As Laura and I have gotten into our regular routine we've mainly been exploring Kharkiv over the weekends. And so last Saturday was all about churches, churches, and more churches. The three main sites are Pokrovsky Cathedral, Uspensky Cathedral, and Blagoveschensky Cathedral and all are located in the same central area of city.
Kharkiv has few historic churches thanks to the Communist purges during Stalin's reign. Pokrovsky Cathedral is the oldest structure in Kharkiv and dates back to 1689. A functioning monastery surrounds the church and you can tour the grounds.
Uspensky Cathedral is located a block to the south of the monastery. This church was converted to a theater during Communist times and remains as one today. We didn't get a chance to tour the inside of the theater [for another day I guess] but it would have been interesting to see an Orthodox Church with seating as parishioners stand throughout Orthodox services and there are typically no pews.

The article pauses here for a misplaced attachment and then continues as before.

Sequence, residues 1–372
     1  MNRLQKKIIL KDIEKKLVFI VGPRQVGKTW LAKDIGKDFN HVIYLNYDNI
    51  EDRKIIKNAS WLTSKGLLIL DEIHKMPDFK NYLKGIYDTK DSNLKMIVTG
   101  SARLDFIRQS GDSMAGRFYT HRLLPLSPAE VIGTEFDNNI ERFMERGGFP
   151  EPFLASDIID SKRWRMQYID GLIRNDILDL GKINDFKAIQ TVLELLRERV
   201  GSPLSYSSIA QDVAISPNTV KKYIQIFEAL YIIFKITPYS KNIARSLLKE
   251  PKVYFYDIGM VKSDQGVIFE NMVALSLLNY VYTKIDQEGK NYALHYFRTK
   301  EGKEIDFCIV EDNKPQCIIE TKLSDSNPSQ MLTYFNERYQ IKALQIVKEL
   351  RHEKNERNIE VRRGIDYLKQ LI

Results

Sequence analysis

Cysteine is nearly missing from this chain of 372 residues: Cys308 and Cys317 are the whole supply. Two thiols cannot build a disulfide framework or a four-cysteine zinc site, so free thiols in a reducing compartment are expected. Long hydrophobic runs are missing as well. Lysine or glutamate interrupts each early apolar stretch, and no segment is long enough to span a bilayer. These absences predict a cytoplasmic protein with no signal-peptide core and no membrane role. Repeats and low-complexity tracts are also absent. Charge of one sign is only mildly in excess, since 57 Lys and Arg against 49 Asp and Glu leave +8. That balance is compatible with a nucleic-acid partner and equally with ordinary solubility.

Blagoveschensky Cathedral is the newest of the three sites and was built in 1901. It was the only Orthodox church that was able to operate throughout Communist times. Because of it's colorful outside design Blagoveschensky Cathedral has been dubbed "the candy cane church."
Here's the view of it while standing at Uspensky Cathedral.
And a close up view:
Getting your photo taken in front of Blagoveschensky Cathedral is a popular spot for newlyweds and there were a few wedding parties around the day we were there. .
Sometimes foreigners like to get their photo taken there as well: